For the first time in over ten years, some government-funded sex education programs in our nation’s schools are moving away from the promotion of abstinence-only.
How is this happening? A five-year, $375 million grant is being divided among 28 programs that have been proven to lower the pregnancy rate, regardless of their strategies, according to a report by the Associated Press.
More Than Just Sex
One such program is the Carrera Adolescent Pregnancy Prevention Program. Birth control is distributed as part of the program, but students also get art and music classes, science field trips, homework tutoring, mental health counseling and free medical and dental care. They are also required to get summer jobs, open a bank account, save 10 percent of their wages and learn how to balance a checkbook.
“There’s a growing realization that we have to talk to young people about relationships. It’s not just about body parts,” says Bill Alpert, chief program officer for the National Campaign to Prevent Teen and Unplanned Pregnancy.
But Abstinence-Only Programs Still Flourish
As Amelia Thomson-DeVeaux wrote here several months ago, abstinence programs do still receive a $50 million annual federal grant, as part of the recently passed health care reform act. To receive this funding, states must match $3 for every $4, and about 30 states have applied for that money. However, the $375 million Health and Human Services grant does not require states to provide matching funds.
But Do They Work?
The abstinence-centred approach was funded by a Republican Congress in the late 1990s and then under President George W. Bush to the tune of around $1.5 billion. Critics point out there is little proof that these programs lowered the teen pregnancy rate. In fact, the teen birth rate rose from 2005 to 2007 after years of a steady decline, according to the Centers for Disease Control and Prevention (CDC).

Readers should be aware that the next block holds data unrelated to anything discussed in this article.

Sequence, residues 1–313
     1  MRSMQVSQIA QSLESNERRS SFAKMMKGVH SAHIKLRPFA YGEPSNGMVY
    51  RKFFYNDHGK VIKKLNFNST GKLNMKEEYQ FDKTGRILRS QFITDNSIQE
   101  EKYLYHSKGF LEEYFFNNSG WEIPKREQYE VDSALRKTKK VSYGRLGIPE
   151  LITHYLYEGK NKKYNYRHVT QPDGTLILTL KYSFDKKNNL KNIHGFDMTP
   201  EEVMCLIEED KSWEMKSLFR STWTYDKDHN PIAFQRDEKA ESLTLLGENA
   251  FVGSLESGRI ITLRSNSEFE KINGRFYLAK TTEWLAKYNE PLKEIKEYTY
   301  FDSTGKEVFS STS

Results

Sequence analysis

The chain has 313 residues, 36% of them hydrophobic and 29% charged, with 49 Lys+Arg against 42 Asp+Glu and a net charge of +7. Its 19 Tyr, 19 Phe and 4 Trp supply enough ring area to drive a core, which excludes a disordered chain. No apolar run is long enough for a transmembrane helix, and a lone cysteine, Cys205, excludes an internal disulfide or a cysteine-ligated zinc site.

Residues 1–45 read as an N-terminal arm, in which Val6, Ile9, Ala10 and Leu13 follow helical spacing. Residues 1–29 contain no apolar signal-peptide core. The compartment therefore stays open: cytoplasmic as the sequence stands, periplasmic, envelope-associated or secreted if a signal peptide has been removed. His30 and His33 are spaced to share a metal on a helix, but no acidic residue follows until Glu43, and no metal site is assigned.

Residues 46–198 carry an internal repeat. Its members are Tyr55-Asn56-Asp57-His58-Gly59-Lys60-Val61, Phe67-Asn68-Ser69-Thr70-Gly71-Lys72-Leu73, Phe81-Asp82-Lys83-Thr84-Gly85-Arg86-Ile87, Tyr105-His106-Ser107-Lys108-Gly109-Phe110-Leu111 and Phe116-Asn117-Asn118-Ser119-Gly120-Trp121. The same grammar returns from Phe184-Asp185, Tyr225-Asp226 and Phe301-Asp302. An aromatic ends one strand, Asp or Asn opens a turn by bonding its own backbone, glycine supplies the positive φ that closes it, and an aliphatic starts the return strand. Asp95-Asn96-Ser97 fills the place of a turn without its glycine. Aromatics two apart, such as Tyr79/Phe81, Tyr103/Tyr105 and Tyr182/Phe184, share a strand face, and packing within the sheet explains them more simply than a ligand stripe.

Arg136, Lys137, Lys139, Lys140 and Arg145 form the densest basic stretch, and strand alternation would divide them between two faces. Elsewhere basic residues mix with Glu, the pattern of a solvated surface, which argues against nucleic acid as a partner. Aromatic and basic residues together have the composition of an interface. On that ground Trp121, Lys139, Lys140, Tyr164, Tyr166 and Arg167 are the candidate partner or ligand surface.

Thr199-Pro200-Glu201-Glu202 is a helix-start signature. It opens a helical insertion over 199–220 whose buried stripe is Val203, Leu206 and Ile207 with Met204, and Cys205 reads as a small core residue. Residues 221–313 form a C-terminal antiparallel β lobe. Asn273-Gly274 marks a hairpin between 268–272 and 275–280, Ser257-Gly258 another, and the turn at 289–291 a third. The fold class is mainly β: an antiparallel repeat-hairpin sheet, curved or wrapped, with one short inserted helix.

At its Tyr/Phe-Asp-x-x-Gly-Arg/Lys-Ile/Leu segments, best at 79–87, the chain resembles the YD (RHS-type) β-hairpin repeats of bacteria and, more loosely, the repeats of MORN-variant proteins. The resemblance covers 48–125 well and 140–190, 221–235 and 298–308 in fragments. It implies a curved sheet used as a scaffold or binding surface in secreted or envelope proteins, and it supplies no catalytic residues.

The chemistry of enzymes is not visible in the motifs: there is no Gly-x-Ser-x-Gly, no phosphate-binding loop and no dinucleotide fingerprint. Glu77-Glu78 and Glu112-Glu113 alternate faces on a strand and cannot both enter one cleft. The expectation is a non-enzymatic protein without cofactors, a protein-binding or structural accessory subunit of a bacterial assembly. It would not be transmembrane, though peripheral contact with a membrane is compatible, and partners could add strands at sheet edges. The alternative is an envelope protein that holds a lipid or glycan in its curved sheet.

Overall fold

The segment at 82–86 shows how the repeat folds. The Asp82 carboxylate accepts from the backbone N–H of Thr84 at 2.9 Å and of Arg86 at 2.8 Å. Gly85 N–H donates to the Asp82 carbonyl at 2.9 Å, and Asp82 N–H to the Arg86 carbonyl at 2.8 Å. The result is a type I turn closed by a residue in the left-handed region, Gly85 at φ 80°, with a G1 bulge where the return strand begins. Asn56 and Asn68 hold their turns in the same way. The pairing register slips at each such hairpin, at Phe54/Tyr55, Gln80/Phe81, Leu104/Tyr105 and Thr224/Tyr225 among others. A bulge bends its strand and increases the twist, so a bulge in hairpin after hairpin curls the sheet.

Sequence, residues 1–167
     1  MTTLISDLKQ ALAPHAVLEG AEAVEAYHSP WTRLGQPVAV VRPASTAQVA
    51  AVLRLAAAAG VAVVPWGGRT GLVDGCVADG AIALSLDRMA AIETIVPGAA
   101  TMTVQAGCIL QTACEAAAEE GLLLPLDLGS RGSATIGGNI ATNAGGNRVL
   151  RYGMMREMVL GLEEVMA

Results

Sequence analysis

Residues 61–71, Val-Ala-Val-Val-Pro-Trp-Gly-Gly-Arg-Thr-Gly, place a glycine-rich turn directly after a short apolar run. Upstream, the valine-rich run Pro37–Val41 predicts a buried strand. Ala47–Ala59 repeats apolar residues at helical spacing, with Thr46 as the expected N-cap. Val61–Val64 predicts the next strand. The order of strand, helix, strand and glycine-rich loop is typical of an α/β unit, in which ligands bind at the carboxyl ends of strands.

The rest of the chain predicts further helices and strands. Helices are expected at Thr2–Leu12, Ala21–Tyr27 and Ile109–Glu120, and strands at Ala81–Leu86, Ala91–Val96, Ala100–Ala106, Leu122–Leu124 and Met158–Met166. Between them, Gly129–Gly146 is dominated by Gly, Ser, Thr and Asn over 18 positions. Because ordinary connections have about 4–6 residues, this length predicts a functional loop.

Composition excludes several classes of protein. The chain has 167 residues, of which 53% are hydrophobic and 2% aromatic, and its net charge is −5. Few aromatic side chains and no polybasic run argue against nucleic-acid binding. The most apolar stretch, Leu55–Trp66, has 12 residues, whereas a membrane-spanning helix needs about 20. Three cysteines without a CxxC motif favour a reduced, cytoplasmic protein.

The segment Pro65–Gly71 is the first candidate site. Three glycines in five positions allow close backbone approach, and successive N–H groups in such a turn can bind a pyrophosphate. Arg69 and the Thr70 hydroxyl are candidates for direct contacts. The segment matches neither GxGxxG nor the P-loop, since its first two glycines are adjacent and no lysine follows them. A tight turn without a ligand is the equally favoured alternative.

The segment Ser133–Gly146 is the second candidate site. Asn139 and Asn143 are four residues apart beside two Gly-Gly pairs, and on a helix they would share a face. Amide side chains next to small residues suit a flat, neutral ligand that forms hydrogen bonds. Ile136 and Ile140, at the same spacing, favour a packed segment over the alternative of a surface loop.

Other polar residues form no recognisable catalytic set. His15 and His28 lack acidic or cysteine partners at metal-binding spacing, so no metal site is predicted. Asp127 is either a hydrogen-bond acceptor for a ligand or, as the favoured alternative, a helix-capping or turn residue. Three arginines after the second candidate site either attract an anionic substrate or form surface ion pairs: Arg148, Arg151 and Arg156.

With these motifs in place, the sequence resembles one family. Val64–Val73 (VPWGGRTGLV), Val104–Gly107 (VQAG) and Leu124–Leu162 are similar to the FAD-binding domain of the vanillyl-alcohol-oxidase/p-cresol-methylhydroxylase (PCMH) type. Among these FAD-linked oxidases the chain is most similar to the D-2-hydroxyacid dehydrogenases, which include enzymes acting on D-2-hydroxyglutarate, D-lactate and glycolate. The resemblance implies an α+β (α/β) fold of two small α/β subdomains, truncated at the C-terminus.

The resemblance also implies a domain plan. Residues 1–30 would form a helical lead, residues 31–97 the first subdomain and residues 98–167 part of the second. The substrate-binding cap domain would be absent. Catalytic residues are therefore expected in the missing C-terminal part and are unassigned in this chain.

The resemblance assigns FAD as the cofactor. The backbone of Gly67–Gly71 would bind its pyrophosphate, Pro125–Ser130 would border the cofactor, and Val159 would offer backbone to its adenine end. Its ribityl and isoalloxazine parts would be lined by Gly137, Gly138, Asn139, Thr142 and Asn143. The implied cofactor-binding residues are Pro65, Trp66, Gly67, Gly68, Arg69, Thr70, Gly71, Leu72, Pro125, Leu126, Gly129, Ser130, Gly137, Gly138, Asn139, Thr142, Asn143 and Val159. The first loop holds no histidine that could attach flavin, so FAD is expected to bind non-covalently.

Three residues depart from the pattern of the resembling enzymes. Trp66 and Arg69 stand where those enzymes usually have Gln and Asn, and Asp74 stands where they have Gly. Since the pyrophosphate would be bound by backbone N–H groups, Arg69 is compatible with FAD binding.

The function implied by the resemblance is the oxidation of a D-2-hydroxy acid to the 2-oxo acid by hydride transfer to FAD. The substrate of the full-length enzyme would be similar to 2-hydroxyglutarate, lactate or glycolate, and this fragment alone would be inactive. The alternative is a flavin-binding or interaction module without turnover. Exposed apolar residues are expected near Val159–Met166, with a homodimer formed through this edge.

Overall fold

Two Very Diverse Perspectives on Sex Ed.
Is it a good thing that two very diverse approaches to sex education are being funded by the government simultaneously?
However the teaching happens, it seems that while most teens have had some formal sex education, many fewer have been taught birth control methods, reports the CDC. And presumably even fewer have learned through sex education programs to value their sexuality as an important component of their identity, or to get a sense of who they are and what they want; knowledge that can lead to better decision-making overall.
Let’s hope these new programs succeed.
Creative Commons - Monica Arellano=Ongpin
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